Pre-historic Megaliths study indicate Khasis lived Meghalaya since 1200 BCE
The study was performed at an excavated site near Lummawbuh village in the northern slopes of Sohpetbneng (Heaven’s Naval) peak near the NH-40.
A new study of Pre-historic megaliths and tools indicate that Meghalaya’s Khasi tribe has been residing in the state since around 1200 BCE. The study was conducted on the megaliths and tools discovered in Meghalaya’s Ri-Bhoi district.
A megalith is a large stone that forms part of a prehistoric monument.
The study was performed by archaeologist Marco Mitri and a team of academicians from the North Eastern Hills University. They excavated site near Lummawbuh village in the northern slopes of Sohpetbneng (Heaven’s Naval) peak near the NH-40.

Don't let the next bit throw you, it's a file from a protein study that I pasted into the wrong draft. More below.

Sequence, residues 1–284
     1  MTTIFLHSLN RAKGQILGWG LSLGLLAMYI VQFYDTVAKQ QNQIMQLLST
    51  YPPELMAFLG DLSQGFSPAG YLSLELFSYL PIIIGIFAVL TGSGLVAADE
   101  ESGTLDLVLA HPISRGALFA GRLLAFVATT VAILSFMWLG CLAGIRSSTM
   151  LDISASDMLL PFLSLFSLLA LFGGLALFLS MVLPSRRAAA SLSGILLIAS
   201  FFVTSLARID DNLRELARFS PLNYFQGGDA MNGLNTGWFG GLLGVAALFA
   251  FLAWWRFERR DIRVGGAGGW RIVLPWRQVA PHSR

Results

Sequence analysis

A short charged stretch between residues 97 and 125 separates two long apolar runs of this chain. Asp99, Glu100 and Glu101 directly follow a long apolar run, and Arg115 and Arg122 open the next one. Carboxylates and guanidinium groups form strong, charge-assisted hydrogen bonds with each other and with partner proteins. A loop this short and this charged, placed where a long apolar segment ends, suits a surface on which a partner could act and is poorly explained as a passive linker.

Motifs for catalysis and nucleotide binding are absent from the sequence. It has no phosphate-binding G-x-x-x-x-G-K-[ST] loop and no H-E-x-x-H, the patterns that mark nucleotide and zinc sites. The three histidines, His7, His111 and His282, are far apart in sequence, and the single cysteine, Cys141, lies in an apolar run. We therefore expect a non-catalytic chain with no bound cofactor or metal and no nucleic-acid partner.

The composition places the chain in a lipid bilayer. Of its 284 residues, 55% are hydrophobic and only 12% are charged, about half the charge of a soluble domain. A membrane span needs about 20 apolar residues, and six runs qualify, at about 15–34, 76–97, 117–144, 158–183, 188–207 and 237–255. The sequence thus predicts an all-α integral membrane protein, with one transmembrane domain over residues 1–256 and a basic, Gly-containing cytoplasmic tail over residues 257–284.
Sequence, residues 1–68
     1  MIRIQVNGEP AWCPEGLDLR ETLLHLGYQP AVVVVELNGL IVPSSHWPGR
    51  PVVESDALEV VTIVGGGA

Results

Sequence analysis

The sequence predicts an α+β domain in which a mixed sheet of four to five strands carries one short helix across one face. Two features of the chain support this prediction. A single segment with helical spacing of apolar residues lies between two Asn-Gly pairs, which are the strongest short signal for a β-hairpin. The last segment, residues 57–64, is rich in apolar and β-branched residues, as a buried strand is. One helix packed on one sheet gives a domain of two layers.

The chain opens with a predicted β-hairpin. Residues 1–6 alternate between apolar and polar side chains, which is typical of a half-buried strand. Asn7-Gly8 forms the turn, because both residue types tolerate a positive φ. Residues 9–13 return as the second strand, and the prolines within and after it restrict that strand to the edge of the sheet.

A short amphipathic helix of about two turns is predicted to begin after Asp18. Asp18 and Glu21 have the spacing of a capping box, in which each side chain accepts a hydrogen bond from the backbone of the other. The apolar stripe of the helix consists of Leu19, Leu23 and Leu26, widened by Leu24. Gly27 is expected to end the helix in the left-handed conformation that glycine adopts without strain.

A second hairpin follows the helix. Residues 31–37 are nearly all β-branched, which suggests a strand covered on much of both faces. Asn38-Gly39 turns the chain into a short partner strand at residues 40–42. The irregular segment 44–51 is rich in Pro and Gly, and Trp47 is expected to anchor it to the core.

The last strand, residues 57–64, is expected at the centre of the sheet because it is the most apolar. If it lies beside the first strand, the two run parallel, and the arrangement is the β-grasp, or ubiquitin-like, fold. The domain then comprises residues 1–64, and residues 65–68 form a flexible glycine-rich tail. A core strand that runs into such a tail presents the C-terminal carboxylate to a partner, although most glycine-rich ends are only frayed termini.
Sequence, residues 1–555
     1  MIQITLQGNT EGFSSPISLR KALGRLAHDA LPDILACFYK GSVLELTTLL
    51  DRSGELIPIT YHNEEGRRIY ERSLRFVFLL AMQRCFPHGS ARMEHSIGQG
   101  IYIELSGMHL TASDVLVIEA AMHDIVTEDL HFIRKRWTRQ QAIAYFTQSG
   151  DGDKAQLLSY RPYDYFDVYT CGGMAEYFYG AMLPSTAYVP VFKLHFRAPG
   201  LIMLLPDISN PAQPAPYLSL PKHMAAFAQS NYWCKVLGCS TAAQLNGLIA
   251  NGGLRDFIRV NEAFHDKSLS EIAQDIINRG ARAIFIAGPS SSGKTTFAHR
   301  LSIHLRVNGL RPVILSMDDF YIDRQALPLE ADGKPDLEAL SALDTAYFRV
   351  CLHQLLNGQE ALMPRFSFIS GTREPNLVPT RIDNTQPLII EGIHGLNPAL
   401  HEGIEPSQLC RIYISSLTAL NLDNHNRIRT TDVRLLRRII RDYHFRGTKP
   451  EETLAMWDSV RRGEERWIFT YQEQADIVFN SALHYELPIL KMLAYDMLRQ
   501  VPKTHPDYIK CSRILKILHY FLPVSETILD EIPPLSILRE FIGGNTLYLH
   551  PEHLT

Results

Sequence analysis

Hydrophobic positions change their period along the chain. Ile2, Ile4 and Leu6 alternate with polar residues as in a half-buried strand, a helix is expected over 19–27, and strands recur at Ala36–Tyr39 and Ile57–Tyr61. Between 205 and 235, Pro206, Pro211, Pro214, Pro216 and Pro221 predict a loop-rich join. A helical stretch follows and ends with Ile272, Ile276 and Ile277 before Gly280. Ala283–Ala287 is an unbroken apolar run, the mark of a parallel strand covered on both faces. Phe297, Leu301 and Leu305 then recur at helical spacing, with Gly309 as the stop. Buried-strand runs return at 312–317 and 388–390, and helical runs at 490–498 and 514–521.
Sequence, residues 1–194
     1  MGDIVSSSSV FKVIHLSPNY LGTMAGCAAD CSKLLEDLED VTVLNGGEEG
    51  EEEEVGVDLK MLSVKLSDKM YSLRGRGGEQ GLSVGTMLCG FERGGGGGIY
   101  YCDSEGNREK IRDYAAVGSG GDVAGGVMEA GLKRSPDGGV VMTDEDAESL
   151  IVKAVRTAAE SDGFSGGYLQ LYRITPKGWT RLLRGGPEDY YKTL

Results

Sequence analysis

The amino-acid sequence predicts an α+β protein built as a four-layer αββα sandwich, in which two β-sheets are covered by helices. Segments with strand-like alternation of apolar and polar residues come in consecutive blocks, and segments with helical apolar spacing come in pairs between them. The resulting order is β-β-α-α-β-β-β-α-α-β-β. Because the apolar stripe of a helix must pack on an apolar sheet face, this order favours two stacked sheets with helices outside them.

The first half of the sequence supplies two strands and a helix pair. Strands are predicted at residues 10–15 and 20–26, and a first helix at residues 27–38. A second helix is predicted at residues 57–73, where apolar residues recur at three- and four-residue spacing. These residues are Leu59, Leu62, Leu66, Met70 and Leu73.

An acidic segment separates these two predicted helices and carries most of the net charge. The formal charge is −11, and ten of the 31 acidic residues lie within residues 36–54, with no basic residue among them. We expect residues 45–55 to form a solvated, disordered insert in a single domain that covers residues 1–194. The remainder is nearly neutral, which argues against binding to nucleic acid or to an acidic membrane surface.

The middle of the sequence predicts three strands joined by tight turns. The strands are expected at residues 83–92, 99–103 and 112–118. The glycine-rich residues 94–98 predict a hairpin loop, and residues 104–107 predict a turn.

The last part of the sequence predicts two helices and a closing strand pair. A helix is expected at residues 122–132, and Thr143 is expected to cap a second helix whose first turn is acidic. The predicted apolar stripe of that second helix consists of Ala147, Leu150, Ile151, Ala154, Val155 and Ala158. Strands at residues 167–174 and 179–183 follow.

The excavation at Lummawbuh is the first one of a Neolithic site in Meghalaya.
The megalithic structures and iron implements dating back to the prehistoric period were found the ridge spreading over 1.5 km.
The age (that dates back to 12th century BCE) was confirmed by using more than 20 tools and implements including grains to Beta Analytic, a Miami-based lab for radiocarbon dating to confirm their age.
• The Khasi people are an indigenous tribe, the majority of who live in Meghalaya, a north-eastern state of India
• They share a significant population in the border areas of the neighbouring state of Assam, and in certain parts of Bangladesh.
• They call themselves Ki Khun U Hynñiewtrep, which means "The Children of The Seven Huts" in their language.
• Their language, also called Khasi, is categorized as the northernmost language under the Austroasiatic family stock.
• The Khasi language was essentially oral until the arrival of Christian missionaries.
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